Discussion with “Better Call Saul” Writer Gordon Smith

Gordon Smith began his career as an assistant to creator and showrunner Vince Gilligan, during his Breaking Bad run. He was promoted to full-time writer on the Breaking Bad spinoff, Better Call Saul. Smith wrote the episode “5-0”, about how Mike Ehrmantraut (played by Jonathan Banks) became an officer of the law. The episode was nominated for an Emmy for Outstanding Writing for a Drama Series, and helped earn Banks an Emmy nomination for Outstanding Supporting Actor in a Drama. New York Film Academy instructor, and screenwriter, David O’Leary hosted the event.

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Smith attributes most of his success to luck. While in college, he wrote a script that would become Gennifer Hutchison’s directing thesis. Hutchison went on to be a writer’s PA on Mad Men before moving to Breaking Bad. During season three, Gennifer was getting freelance work and that created a need for a new writer’s P.A. She called up Smith. Gennifer was hired on as full staff and Smith was able to fill her space.

The transition from being Gilligan’s assistant to becoming a staff writer was mostly an easy one. The one challenge was being out of the know. As the assistant to the showrunner, you have to know every little bit of information including, who’s on set that day, what chemical they used three seasons ago to blow out a window, which outlet are coming to do interviews. That goes away when the staff is locked in the writer’s room trying to churn out the best possible material. But, soon he was happy to be just writing and didn’t miss the chaos.

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“We work very slowly,” Smith said of the writer’s room. He commented that it was nice to move at a speed that wasn’t breakneck. The first two weeks of production are focused on what that season’s story will be. “We will lay them (ideas) out on a board. But big guiding light stories will move around a lot.”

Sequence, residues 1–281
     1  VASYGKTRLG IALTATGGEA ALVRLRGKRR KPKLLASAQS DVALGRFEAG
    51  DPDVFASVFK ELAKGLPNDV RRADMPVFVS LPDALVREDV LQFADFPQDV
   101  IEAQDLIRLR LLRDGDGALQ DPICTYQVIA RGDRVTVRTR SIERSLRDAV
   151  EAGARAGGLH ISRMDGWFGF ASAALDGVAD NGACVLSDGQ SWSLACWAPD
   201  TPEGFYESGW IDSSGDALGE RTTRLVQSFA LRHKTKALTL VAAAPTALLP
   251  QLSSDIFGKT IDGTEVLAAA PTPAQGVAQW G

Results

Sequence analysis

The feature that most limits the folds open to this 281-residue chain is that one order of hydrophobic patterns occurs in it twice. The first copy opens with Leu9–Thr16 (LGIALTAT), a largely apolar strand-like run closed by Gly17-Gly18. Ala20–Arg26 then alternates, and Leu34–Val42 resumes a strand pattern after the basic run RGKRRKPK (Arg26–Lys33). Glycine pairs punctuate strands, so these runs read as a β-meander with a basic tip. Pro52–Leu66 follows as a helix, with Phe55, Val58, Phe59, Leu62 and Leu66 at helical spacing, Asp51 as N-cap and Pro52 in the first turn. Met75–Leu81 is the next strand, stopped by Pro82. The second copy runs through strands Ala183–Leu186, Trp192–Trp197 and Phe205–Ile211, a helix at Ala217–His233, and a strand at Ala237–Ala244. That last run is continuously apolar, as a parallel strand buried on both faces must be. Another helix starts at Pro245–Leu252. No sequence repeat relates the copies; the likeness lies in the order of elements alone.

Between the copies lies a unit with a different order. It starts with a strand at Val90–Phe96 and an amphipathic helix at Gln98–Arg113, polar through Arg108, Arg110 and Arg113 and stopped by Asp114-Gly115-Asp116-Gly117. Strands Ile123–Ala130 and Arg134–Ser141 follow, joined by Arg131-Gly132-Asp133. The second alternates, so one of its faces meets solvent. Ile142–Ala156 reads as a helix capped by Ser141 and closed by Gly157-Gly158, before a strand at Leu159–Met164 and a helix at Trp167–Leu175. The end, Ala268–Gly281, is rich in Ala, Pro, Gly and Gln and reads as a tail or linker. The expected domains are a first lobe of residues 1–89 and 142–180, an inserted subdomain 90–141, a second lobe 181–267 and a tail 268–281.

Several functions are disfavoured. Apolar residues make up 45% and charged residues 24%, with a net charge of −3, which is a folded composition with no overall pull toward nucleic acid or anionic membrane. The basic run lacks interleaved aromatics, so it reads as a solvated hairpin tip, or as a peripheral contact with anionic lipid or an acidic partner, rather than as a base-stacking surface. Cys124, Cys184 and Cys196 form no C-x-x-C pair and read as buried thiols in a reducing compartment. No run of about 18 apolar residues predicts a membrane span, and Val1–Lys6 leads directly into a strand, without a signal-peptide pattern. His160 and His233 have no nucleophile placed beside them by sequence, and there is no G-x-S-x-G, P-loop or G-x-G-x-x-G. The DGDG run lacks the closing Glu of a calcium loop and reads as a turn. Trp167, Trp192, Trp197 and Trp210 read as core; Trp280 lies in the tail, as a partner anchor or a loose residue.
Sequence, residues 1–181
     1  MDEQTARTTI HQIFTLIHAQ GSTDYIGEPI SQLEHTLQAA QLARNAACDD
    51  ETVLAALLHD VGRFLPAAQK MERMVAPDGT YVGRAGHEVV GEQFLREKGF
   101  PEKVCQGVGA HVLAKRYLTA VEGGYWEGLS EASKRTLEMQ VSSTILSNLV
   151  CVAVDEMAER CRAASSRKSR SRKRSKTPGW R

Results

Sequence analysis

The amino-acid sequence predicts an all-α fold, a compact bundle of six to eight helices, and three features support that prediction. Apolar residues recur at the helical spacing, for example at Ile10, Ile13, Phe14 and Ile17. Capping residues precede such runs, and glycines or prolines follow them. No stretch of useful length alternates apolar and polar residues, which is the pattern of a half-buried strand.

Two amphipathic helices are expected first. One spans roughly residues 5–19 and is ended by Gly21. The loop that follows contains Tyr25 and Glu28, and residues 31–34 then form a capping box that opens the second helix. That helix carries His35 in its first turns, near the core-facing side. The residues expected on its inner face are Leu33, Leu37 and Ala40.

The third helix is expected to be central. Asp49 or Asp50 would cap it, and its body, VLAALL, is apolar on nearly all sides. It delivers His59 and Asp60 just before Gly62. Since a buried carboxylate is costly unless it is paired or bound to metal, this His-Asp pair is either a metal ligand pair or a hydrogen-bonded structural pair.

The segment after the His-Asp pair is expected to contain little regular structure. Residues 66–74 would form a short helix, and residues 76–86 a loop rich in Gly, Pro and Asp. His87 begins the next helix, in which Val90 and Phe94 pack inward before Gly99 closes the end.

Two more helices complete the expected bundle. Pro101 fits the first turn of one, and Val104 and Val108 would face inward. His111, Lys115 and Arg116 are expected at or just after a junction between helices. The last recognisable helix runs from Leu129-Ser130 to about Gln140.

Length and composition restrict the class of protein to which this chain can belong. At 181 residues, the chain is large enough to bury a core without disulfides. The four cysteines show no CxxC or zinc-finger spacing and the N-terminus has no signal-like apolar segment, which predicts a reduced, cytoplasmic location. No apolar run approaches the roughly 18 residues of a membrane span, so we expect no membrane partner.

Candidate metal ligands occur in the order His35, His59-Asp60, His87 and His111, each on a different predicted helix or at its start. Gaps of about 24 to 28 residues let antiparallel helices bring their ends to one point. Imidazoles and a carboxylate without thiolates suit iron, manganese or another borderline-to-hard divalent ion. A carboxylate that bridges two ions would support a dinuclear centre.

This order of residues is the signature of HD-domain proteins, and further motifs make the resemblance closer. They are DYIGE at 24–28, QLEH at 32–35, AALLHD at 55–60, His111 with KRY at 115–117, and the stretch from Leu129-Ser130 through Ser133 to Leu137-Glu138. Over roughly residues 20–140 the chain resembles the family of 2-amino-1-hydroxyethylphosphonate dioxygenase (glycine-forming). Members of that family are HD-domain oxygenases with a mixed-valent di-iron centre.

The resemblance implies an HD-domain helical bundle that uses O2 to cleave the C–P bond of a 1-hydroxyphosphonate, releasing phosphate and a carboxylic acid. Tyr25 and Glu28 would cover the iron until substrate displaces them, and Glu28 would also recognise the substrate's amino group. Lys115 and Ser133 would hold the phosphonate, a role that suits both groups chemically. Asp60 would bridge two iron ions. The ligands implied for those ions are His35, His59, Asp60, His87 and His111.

He continued, “This is a virtue of the way we work. We have ideas and if wherever we think we want to be and where we are don’t match up we’re just like, well this is what we do. We don’t say, ‘Well we have to get to here by episode five so we have to do this and this and this to get to that.’ It’s almost always backward looking. What have we done and where should the characters most logically go next? That has served us in good stead because it allows us the opportunity to investigate things. It feels like we’re planted to something.”

“We break everything together. For a show as serialized as Better Call Saul, you kind of have to. If a person leaves to write his or her script everyone knows what’s happening in that scene. We usually get a couple weeks out of the room to write, but the rest of the time you have to write at lunch or on the weekend.”

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As demanding as the workload is Smith joked that he still has struggled. “My process tends to be… I have to trick myself into it because I want to procrastinate so badly. I’ll go in and slug everything.” Slugging is placing in the scene headings as a way of outlining the script. Once the scenes are placed in order Smith said he knows he’ll, “…just keep going back to write more and more.” It never feels like writing.

Smith went on to describe the writing room as liberating. For example, in most visual writing it’s considered in bad taste to call a shot. Shot lists are for the directors to make not the writers. But, in Breaking Bad and Better Call Saul, they’re allowed to call a shot. They know they’re going to talk to the director. The shot can be cut if the director doesn’t think it will work or if they have another shot in mind. The freedom to try things and switch at the last minute give a sense of freedom.

One student asked, “Since Saul and many of the characters already existed did you use pre-conceived backgrounds or create new ones, and how did you decide what history to go with?” Smith described going back to Breaking Bad and trying to determine whether or not the things Saul said were true or false and to what degree. Mike didn’t have too much of a background story. Banks pitched an idea that Mike’s son was a boxer who died in the ring. It was a theory Banks had been working around as he tried to dive into the character of Mike. The writers loved it and picked up the story from there.

The New York Film Academy would like to thank Mr. Smith for stopping by and sharing his work. Catch Smith’s next writing assignment on season two of Outsiders returning to WGN in 2017.

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Published on: October 10, 2016

Filled Under: Guest Speakers, Screenwriting

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